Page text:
Things tend to happen in waves at Wildwoods, which makes sense as we are working with nature. There are seasons. First squirrel and bunny babies, then fawns and fledglings in the spring. As we move into summer and “baby” season comes to a close, we enter injured adult season. Even that has its own sub-seasons. For example, over the last couple weeks we’ve gotten in at least five or six painted turtles that have been hit by cars as they try to cross the road. But there is another wave of injuries happening that is completely preventable, though not many people around here seem to think the inconvenience is worth it. Every time we talk about it people get upset, some even get very irrational and seem to believe that the responsibility of keeping wildlife safe from this particular threat is Wildwoods’ alone, and not that of the caller. Continue reading The Inconvenience of Holding a Leash
In most workplaces the “water cooler” conversation tends to revolve around the latest episode of Game of Thrones or the most recent workplace gossip. Not where I work. I work for an industrial manufacturer and oddly enough the topic that comes up the most in conversation is the DNR’s Eagle-cam and the three little eaglets born in early March.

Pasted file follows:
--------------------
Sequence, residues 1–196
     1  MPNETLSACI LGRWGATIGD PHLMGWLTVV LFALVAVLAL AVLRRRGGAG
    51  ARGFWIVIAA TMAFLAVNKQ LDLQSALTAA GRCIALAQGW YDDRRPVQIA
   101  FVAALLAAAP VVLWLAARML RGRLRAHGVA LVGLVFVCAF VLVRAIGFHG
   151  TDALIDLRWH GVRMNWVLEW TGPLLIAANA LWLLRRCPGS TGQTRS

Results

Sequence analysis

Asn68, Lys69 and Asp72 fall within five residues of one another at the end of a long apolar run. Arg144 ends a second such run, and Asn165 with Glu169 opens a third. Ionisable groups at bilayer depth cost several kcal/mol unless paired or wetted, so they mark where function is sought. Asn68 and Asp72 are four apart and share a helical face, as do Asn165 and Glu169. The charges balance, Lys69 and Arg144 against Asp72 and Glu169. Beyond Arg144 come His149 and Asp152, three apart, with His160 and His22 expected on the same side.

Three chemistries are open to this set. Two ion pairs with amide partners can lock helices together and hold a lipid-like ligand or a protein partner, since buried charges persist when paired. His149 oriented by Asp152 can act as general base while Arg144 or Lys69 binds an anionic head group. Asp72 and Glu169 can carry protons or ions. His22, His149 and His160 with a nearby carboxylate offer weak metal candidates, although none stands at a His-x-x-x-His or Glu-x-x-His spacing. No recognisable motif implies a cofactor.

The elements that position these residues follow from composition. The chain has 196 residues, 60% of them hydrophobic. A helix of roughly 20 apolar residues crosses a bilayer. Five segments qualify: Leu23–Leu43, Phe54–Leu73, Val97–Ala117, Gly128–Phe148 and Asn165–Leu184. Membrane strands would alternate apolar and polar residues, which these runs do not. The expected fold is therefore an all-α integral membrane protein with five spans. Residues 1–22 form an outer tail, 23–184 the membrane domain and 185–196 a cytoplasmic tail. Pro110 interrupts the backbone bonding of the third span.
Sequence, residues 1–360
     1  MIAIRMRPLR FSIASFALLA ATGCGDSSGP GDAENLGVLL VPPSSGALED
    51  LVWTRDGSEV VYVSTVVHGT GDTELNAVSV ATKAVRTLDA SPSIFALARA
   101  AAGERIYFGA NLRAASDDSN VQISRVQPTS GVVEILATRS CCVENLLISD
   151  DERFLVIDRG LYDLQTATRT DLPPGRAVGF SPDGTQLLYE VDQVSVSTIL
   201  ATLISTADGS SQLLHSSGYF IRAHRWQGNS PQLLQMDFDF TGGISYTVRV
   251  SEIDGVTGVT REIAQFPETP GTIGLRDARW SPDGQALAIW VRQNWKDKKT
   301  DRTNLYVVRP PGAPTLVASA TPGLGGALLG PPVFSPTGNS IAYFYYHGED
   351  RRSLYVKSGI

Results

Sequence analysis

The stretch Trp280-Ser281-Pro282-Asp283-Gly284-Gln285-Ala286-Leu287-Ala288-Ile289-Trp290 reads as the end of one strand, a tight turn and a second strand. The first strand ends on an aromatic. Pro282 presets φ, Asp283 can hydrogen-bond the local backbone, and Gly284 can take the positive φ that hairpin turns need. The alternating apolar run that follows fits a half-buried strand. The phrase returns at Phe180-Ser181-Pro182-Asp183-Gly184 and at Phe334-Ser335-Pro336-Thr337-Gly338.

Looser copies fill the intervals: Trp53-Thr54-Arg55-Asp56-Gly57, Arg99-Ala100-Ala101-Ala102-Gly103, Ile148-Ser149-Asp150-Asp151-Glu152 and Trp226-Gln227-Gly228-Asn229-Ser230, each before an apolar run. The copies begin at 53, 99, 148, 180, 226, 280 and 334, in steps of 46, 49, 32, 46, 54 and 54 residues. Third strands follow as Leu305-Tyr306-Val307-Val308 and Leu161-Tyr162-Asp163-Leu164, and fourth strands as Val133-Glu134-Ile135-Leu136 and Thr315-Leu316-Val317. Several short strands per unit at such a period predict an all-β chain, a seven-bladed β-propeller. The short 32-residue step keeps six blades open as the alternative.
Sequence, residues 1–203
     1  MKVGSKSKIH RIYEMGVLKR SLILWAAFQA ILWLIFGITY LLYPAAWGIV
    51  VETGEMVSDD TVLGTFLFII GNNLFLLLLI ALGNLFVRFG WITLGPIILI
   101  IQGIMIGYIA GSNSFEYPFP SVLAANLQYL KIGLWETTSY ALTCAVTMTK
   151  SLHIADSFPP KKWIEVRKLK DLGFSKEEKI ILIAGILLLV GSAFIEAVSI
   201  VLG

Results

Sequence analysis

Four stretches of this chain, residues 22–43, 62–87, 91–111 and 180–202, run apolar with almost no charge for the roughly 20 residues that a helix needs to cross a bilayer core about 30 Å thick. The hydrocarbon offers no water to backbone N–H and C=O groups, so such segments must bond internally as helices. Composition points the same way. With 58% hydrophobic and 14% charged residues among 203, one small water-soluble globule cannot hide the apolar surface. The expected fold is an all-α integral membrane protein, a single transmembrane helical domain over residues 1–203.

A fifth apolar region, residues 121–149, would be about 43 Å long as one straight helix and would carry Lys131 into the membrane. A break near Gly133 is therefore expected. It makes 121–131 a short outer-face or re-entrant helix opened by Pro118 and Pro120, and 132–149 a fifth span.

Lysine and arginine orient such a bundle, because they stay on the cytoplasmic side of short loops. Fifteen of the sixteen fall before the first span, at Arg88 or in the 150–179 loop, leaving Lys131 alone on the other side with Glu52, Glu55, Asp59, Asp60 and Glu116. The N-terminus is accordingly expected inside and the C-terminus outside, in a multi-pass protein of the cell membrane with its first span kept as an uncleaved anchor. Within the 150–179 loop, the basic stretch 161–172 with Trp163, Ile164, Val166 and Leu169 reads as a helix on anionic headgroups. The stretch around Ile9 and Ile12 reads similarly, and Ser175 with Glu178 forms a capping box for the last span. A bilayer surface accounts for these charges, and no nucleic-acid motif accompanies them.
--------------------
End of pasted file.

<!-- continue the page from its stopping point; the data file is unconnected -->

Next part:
I find that as a volunteer wildlife rehabber I get a lot of questions from co-workers about various animal-related topics but lately the questions I get the most are about these fluffy little nestlings. One co-worker in particular is very concerned that the parents keep flying off, leaving the newborns (at this point about 3 weeks old) alone for extended periods of time. She also feels that one of the nestlings is always getting less food than the others, crowded out by its siblings and ignored by its parents. She’s a mom and she gets angry about the unfairness of it all.
All I can say is, nature is hard, man, and it’s all about survival from day one. Continue reading Nature is Harsh